WildDrone: autonomous drones to monitor and preserve wild animals
A new European project dedicated to environmental sustainability for the protection and study of wild animals using drones and artificial intelligence is to kick off.
When we talk about actions to support environmental sustainability, we cannot help but think of the creatures that inhabit the seas, lands and skies and contribute to the health of the planet we co-inhabit with them. Protecting biodiversity, i.e. the variety and variability of living organisms and their change from one environment to another over time, is of particular importance at a time in history when experts speak of a sixth mass extinction to refer to species on the brink of global extinction.
The WildDrone (Autonomous Drones for Nature Conservation Mission) project, funded by the European Commission and created under the Marie Skłodowska-Curie Actions is moving in this direction. WildDrone will be led by 19 international grantee and self-funded partners based in Europe, Africa and the United States. The partners will collaborate to revolutionize wildlife conservation approaches by using autonomous drones as platforms to monitor wild animals, measure them, track their movements and manage human-fauna conflicts. This will be particularly useful for understanding animal behavior and migration, providing first-level information to biologists and zoologists, but also for better managing wildlife reserves and assisting public administrations and policymakers in making decisions.
The WildDrone consortium will also recruit a total of 13 Ph.D. students, training them on a unique combination of multidisciplinary skills (including ecology, metrology, robotics and artificial intelligence) needed to develop the full potential of drones, measurement systems and AI methods for nature conservation missions. The Ph.D. students will reside in Europe, work closely with each other, undertake one or more secondments, and participate in joint training sessions and field missions.
BK will contribute to this very ambitious goal with some of its research expertise: on the one hand, the field of drones and 3D surveying, represented by Fabio Remondino and the 3DOM unit, and on the other hand, advanced flight planning and resource optimization, represented by Andrea Micheli and the Embedded Systems unit.
FBK will also host one of the 13 doctoral students involved, helping to train him or her in the use of automated drones that will be used to track, measure and monitor wild animals.
Fabio Remondino and Andrea Micheli explain more about FBK’s role and how they plan to involve the PhD who will be working at the Foundation:
Fabio Remondino: “The project allows us to fund a PhD who will study and develop new solutions for autonomous drone flight planning and automated, real-time scene interpretation using artificial intelligence methods. This will allow drones to be used to monitor and measure animals, providing useful information to wildlife conservationists and nature reserve managers.”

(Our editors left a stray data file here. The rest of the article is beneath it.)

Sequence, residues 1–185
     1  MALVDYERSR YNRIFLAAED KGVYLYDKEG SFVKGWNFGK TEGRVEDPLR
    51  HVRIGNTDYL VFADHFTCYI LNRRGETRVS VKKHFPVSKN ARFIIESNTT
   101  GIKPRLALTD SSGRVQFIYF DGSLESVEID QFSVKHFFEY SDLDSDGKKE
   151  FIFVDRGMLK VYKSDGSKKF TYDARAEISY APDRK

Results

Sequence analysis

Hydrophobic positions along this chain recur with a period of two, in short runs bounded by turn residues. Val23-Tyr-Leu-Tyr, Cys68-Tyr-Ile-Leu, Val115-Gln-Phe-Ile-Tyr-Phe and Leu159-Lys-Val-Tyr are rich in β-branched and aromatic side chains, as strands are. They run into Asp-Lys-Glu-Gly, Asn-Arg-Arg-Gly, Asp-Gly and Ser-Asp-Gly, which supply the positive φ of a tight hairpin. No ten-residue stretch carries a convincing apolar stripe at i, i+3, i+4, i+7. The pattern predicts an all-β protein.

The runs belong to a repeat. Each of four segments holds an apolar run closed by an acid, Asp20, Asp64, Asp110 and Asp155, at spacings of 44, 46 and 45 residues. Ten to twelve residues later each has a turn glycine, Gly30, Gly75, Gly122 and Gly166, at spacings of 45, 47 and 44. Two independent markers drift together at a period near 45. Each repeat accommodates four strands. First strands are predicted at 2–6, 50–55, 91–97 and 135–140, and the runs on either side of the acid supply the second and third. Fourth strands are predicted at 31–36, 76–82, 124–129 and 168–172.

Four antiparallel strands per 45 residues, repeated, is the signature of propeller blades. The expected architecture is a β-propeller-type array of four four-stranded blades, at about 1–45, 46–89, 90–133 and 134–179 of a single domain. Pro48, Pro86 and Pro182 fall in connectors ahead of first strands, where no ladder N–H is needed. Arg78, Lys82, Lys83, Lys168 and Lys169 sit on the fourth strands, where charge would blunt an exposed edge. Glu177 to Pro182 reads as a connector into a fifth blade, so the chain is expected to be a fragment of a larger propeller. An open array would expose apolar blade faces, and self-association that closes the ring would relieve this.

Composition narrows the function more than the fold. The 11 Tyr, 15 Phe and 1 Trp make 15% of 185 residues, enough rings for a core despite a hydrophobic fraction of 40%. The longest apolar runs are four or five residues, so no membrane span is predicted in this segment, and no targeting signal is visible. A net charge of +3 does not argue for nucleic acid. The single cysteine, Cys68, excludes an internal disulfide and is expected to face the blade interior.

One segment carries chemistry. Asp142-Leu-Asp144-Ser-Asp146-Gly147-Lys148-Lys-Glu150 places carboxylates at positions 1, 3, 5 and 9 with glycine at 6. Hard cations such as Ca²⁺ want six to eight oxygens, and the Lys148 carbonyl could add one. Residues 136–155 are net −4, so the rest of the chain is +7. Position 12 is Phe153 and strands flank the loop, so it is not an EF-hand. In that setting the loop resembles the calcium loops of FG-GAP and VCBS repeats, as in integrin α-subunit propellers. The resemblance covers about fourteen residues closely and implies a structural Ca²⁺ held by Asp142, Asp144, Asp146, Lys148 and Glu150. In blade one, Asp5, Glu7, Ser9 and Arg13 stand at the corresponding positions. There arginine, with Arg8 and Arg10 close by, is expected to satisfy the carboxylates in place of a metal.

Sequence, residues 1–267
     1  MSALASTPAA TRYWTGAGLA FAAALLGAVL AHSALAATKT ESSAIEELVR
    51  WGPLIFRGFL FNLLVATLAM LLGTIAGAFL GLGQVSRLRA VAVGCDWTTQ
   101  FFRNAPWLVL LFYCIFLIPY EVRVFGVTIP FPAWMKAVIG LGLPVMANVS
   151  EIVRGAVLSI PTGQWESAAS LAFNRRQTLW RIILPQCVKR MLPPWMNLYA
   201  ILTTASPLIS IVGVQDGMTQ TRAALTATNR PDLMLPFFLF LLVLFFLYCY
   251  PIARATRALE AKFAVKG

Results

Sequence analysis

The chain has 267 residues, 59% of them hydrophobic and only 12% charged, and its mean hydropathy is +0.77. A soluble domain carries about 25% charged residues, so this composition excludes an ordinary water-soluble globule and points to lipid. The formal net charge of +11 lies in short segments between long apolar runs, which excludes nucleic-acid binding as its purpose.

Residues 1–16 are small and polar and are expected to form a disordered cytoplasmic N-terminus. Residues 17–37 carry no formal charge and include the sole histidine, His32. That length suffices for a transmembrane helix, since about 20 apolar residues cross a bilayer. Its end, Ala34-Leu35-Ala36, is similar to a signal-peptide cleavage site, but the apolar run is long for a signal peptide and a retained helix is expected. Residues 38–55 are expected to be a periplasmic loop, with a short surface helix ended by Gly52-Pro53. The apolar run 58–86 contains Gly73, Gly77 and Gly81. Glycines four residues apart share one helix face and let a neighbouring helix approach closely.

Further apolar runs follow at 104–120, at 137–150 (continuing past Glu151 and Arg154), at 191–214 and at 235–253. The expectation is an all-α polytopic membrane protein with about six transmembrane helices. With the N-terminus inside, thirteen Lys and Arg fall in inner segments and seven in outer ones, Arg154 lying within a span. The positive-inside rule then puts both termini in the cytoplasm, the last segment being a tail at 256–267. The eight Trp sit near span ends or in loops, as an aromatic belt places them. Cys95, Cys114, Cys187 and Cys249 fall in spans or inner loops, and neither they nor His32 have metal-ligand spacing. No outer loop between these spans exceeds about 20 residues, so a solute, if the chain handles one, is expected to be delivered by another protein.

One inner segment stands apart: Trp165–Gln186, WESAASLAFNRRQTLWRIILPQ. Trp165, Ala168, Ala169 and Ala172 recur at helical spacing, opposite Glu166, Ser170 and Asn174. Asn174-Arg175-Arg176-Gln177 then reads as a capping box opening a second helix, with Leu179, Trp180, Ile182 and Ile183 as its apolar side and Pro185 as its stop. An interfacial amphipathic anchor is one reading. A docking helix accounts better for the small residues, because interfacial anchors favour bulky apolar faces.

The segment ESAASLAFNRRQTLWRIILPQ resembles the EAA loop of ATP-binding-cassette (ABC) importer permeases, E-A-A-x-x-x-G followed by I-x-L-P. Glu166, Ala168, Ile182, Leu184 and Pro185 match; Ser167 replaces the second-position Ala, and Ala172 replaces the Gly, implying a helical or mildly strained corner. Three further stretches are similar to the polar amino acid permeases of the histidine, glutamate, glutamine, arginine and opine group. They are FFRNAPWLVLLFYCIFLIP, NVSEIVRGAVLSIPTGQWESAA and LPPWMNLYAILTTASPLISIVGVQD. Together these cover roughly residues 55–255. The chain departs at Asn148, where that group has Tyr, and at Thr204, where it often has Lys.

Andrea Micheli: “We will collaborate with all project partners, particularly the Universities of Muenster (Germany) and Bristol (UK), where our PhD will be hosted for a number of months. The goal is to develop new autonomous systems, expanding the current capabilities of these platforms to provide practical tools for visual inspection, measurement and monitoring of wildlife populations and their movements in ‘wild’ contexts.”
It must be said that the use of drones in this regard is not new: they are already widely used to collect data on endangered species, but they currently require an operator and the data collected is processed after flights. In contrast, WildDrone aims to develop self-driving drones that collect data and process it on board in real time, allowing scholars to gain access to information previously unavailable.
WildDrone’s academic and research partners who will host doctoral students are: University of Southern Denmark, Max Planck Institute, Westfälische Wilhelms-Universität Münster, WIPSEA, Wageningen University, University of Bristol, Fondazione Bruno Kessler (FBK), Avy and Ecole Polytechnique Fédérale de Lausanne (EPFL).
These partners will be joined by other associated partners for field activities, including: Ol Pejeta Conservancy, the Wadden Sea National Park, Bristol Zoological Society, Kenyatta University, Universität Konstanz, the Danish Ministry of Environment, Kuzikus Wildlife Reserve, Danish Agriculture & Food Council, BBC and WWF.
The project has received €3.6 million in funding from the European Commission; it began in January 2023 and will see completion at the end of December 2026. The concrete expectation is to revolutionize wildlife conservation practices by integrating aerial robotics, metrology, computer vision and wildlife ecology, using autonomous drones as a unifying platform.